Investigations into Russian filtration camps in the Donetsk Region have confirmed instances of torture and revealed mass graves.

On August 25, the Conflict Observatory, which has gathered, analyzed, and made widely available evidence of Russian war crimes and other atrocities in Ukraine, published a report on filtration camps in Donetsk region. The investigations were conducted by researchers at Yale University and supported by the US Department of State’s Bureau of Conflict and Stabilization Operations.

Russian filtration camps in Ukraine are a system of institutions of mass, forced detention created by the Armed Forces of the Russian Federation since the Russian invasion of Ukraine in February 2022.

The goal of filtration is to test Ukrainian citizens’ loyalty to the Russian regime and detain those Ukrainians who threaten Russian control over Ukraine, including anyone with pro-Ukrainian views.

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According to the report, Russia and Russia-aligned forces operate a system of at least 21 facilities in and around Donetsk Region, using facilities that were previously schools, markets, and prisons.  Signs of possible graves have also been observed around facilities.

According to satellite images presented in the report, mass graves were found near each filtration camp. The report contains many testimonies of torture, and inhumane conditions, including the detention of children.

According to rough estimates, this large-scale filtration system has processed more than 1.5 million Ukrainians (including children). Most of them were forcibly taken to Russia.

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Four Types of Filtration Facility

There appear to be four types of facilities involved in the filtration system:  registration, holding, secondary interrogation, and detention.

At registration points – often schools or camp-like facilities where conditions are often poor – individuals are asked questions about their attitude to Ukraine and the Ukrainian Armed Forces. Personal information and biometrical data are also collected, after which individuals who “pass” filtration are provided with a certificate of filtration that allows them a degree of freedom of movement.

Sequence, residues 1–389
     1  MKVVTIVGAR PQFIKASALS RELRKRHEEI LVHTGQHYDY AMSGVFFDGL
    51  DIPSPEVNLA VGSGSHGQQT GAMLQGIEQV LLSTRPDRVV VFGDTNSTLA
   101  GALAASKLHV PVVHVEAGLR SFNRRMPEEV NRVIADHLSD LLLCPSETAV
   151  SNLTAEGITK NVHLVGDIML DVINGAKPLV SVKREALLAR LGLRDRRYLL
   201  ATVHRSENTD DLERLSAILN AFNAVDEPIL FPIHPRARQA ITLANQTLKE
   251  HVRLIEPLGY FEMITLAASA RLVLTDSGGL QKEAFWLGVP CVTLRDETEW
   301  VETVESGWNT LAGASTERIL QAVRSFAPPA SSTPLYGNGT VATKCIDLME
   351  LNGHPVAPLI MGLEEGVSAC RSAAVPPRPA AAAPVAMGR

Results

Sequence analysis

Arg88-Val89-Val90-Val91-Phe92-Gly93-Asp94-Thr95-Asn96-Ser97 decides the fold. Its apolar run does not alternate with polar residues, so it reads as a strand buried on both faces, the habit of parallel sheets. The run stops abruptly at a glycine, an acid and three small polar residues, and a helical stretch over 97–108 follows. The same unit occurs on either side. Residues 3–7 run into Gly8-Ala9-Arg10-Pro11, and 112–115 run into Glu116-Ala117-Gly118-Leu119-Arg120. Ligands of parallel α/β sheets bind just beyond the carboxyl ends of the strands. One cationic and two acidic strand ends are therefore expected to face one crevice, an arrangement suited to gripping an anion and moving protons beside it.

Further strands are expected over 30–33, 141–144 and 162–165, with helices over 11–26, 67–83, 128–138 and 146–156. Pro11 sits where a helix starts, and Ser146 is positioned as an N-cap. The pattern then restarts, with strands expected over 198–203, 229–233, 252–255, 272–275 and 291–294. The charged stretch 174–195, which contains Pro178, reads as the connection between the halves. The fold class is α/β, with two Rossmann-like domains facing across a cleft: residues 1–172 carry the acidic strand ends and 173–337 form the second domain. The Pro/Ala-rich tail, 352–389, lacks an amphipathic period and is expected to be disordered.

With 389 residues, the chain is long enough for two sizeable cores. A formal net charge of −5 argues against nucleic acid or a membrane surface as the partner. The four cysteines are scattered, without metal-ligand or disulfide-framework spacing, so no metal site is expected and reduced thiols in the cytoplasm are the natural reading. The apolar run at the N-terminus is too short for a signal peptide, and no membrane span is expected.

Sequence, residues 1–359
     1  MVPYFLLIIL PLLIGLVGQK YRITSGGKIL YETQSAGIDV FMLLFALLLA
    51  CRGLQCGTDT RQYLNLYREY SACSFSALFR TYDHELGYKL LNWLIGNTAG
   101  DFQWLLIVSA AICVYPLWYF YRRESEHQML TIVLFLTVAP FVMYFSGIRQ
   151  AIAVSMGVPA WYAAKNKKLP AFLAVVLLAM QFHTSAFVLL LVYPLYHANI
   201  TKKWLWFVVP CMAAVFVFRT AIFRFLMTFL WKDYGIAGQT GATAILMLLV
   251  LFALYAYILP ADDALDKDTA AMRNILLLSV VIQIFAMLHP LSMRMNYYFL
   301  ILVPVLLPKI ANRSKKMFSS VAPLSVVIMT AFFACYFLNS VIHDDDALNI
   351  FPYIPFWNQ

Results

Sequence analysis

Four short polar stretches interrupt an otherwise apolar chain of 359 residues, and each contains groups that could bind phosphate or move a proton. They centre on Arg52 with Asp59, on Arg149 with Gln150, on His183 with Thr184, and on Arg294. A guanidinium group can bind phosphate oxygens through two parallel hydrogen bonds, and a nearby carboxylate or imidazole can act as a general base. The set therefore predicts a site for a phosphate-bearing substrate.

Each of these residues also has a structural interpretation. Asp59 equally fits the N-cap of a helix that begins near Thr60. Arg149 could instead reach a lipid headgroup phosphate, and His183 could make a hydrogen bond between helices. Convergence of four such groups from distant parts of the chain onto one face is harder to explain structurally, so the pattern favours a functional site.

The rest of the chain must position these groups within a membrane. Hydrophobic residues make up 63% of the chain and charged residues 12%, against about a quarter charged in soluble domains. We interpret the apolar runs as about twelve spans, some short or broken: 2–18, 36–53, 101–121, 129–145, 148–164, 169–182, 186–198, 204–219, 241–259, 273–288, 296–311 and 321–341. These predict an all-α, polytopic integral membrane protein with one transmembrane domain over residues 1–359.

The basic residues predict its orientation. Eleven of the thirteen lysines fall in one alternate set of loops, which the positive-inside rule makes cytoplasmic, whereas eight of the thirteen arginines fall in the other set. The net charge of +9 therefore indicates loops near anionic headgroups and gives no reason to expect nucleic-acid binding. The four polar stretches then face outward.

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The interrogation centers are for people that do not pass filtration. They are held in inhumane conditions, and subjected to torture, for example, beatings and electric shocks. Sometimes interrogation centers and registration centers are in the same location.

Detention centers are prisons, mainly for men, that are designed for long-term detention about which the report gives strong evidence of inhumane conditions and physical and psychological torture.

Nathaniel Raymond, a human rights investigator, said that according to the results of the investigation, Russia and its proxies have created a “filter system” to sort people in areas under Russian occupation and that this presents a “human rights emergency.”

Reports of human rights violations have come from many locations, including the prison complex near Olenivka, where, on July 29, Russians allegedly killed 53 Ukrainian prisoners of war. In another example, a former prisoner said that the Russian occupiers were forcing prisoners of war to dig the graves of fellow prisoners.

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